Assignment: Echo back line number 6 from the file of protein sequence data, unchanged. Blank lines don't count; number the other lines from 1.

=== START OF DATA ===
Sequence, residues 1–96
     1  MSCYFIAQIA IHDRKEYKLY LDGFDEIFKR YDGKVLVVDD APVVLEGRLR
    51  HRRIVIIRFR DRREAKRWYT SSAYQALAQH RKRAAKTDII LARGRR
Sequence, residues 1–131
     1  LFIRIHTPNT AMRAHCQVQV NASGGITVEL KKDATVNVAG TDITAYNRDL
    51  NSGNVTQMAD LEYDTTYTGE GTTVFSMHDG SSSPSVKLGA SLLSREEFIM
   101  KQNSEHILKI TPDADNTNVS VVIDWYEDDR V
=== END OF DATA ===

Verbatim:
    51  NSGNVTQMAD LEYDTTYTGE GTTVFSMHDG SSSPSVKLGA SLLSREEFIM